The Weeknd has officially became a legend.
By simultaneously claiming the three top spots on Billboard's Hot R&B songs chart, he has accomplished something no other R&B artist has ever done. But characterizing him as an R&B star, while not inaccurate, is limiting. The Weeknd is so much more than that.
And he's first to admit it. Born Abel Tesfaye, the Weeknd pulls equally from trip-hop, down-tempo indie and electronica to create his sound. "The only thing R&B about my shit is the style of singing," he told Complex in his first interview in 2013. "My inspiration is R. Kelly, Michael Jackson and Prince, for the vocals anyway. My production and songwriting, and the environment around those vocals, are not inspired by R&B at all."
The Weeknd, now 25, has built himself into a reliable creative powerhouse. He had a vision for a new sound and he brought it to life. His story is an inspiration to anyone who's ever desired to push boundaries.
Realizing his vision. Tesfaye began his work building his artistic persona when he dropped out of high school at 17 years old, convincing a member of his crew, Lamar, to join him. "We grabbed our mattresses from our parents threw it in our friends shitty van and left one weekend and never came back home," Tesfaye wrote on Reddit.
The things he saw helped him build the persona that would become the Weeknd. "I'm so used to hardly ever sleeping and roaming the streets of downtown Toronto with no care or motives in life," he told MTV. "Little did I know it would help create this character of my songs that I left behind the first day I became known for my music."
That fateful drive inspired the stage name. He released his first few tracks to YouTube under the name the Weekend in 2010. But later he had to drop the "e" because a Canadian pop-rock band had beaten him to it. Toronto rapper Drake picked up on his sound and posted to his OVO blog, and his unique sound began to swell in popularity, earning him reviews in the New York Times and Pitchfork. However, he didn't do his first full interview until three years and three mixtapes later, in 2013.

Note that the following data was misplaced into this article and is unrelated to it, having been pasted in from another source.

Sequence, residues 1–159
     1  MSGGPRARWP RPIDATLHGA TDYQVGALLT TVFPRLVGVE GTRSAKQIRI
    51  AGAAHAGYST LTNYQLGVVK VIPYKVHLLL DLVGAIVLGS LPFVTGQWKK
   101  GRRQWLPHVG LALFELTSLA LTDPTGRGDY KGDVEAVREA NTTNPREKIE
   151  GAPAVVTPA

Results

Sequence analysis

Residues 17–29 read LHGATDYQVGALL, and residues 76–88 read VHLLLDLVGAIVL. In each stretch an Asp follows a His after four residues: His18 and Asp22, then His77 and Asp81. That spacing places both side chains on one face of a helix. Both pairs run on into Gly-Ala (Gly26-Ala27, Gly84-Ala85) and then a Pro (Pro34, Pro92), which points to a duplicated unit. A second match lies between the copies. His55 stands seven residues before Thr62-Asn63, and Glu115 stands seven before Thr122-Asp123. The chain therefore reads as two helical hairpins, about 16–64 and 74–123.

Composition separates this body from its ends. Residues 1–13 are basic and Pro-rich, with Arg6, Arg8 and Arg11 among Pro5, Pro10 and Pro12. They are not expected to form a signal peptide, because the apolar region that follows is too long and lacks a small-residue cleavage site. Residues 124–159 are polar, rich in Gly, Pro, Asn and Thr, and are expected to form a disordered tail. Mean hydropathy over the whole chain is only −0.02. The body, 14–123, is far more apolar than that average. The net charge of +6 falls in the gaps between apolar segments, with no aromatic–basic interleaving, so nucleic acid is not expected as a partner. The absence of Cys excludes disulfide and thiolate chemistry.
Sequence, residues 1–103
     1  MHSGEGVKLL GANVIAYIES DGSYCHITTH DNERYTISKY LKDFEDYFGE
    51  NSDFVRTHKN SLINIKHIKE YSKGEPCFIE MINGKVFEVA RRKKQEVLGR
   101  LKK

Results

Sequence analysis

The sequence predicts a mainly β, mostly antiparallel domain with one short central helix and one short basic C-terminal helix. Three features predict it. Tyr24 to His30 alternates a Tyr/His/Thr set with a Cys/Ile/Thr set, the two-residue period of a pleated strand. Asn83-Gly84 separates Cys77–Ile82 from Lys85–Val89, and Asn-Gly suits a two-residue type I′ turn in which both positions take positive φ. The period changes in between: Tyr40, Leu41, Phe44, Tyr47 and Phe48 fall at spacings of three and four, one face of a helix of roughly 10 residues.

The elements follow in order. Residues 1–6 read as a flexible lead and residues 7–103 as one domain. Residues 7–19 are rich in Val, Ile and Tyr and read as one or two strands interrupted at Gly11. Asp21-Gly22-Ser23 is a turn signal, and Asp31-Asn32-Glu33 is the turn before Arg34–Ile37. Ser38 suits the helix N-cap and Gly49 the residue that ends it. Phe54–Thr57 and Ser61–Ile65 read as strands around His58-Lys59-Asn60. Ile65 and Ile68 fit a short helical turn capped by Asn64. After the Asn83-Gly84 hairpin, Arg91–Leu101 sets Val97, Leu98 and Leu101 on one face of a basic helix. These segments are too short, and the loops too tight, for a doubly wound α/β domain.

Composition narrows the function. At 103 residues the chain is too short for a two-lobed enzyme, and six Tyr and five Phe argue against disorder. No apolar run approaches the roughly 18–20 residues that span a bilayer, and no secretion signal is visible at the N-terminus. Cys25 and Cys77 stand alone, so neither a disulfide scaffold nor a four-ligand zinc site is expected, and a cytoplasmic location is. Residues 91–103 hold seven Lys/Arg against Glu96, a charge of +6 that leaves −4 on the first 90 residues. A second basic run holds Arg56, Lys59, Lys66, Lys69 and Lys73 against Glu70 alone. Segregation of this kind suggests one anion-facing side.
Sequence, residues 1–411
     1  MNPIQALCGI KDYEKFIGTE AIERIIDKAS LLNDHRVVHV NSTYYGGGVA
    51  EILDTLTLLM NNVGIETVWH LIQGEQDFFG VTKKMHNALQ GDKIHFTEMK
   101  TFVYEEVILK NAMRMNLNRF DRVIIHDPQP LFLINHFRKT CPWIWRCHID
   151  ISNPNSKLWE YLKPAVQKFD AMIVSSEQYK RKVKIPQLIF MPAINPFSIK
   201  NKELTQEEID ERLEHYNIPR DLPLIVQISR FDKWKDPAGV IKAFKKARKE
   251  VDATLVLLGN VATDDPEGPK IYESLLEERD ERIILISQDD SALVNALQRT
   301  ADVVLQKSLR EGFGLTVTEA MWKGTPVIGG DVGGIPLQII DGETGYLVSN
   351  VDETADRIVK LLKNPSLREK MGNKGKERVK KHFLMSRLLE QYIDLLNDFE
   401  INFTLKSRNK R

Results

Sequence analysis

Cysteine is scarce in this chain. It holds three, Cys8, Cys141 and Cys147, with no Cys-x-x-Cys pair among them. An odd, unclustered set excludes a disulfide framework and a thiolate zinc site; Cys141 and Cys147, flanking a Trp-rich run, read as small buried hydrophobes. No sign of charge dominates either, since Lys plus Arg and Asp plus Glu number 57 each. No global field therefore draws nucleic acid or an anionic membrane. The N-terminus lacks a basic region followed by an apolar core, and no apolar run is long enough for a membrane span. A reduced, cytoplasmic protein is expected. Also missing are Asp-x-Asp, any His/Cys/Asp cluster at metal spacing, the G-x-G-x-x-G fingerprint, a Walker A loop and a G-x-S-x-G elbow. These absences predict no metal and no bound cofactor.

In that interview, he told Complex his air of mystery was only partially intentional. "In the beginning, I was very insecure. I hated how I looked in pictures. I just fucking hated this shit, like, crop me out of this picture right now. I was very camera shy," he said. "The whole 'enigmatic artist' thing, I just ran with it. No one could find pictures of me. It reminded me of some villain shit. But you can't escape the Internet."
Waiting for the Weeknd. The Weeknd is notoriously secretive. For most of his career, he let his music speak for itself. But when he landed his first major label deal in 2013, he revealed himself as Abel Tesfaye, a high school dropout of Ethiopian descent, and began to tell his story.
Tesfaye grew up in Scarborough, Ontario, an Eastern district of Toronto, and was raised by his grandmother until he was 5 years old. As he told fans in a Reddit AMA, his dad was not part of his life and his mother was always working. The first language he ever learned was Amharic, a Semitic language spoken in Ethiopia, which he's still fluent in.
His Ethiopian heritage has become more central to his music. On his recent single, "The Hills," he included a snippet of a woman singing a syrupy Amharic lullaby. "Ewedihalew, yene konjo, ewedihalew / yene fikir fikir fikir, yene fikir fikir fikir," she sings, which Pitchfork translates to: ""I love you, my beauty, I love you / my love love love, my love love love."
The dystopian and debauched stories of heartbreak, sex and drugs are a far cry from the lyrics of more traditional Ethiopian pop artists. But this is the life Tesfaye knows, and a freedom that he relishes. "I can say 'Pussy-ass nigga' in the most elegant and sexiest way ever, and it's accepted," he told Complex. "If I can get away with singing that, I'm doing something right." He insisted in his 2013 Reddit AMA that all his stories come "loosely" from his own experiences.
Now the world is his. The Weeknd's secrecy has only increased the world's fascination with him and his music. He's collaborated with Ariana Grande, Wiz Khalifa and Drake, taking their music in enticingly experimental directions. Tesfaye was involved with much of the creative direction of Drake's Take Care, to which he contributed "Crew Love," "Shot for Me" and "The Ride," which were meant for his own House of Balloons, and "Practice," which he wrote for Drake.
But though he's started to become more visible and share more of himself, he still insists the music comes first. He's determined to continue to push boundaries no other artist would feel comfortable touching. "Once you've changed who you are or who you've portrayed in your music, the fans, they'll catch it," Tesfaye said in a video shared with MTV. "Once I feel like the world knows me for anything else but my music, then I feel like I failed."